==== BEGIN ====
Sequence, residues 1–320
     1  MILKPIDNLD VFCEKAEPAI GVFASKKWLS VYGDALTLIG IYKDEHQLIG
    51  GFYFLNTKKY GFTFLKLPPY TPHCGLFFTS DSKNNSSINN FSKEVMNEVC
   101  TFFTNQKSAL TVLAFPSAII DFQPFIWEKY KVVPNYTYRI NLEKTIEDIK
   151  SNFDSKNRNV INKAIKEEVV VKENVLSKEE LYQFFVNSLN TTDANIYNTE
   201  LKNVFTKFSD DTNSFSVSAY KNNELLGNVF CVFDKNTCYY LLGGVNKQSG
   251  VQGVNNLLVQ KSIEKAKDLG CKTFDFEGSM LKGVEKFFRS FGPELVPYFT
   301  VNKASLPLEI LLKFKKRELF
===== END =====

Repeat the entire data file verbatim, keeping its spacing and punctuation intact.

Sequence, residues 1–320
     1  MILKPIDNLD VFCEKAEPAI GVFASKKWLS VYGDALTLIG IYKDEHQLIG
    51  GFYFLNTKKY GFTFLKLPPY TPHCGLFFTS DSKNNSSINN FSKEVMNEVC
   101  TFFTNQKSAL TVLAFPSAII DFQPFIWEKY KVVPNYTYRI NLEKTIEDIK
   151  SNFDSKNRNV INKAIKEEVV VKENVLSKEE LYQFFVNSLN TTDANIYNTE
   201  LKNVFTKFSD DTNSFSVSAY KNNELLGNVF CVFDKNTCYY LLGGVNKQSG
   251  VQGVNNLLVQ KSIEKAKDLG CKTFDFEGSM LKGVEKFFRS FGPELVPYFT
   301  VNKASLPLEI LLKFKKRELF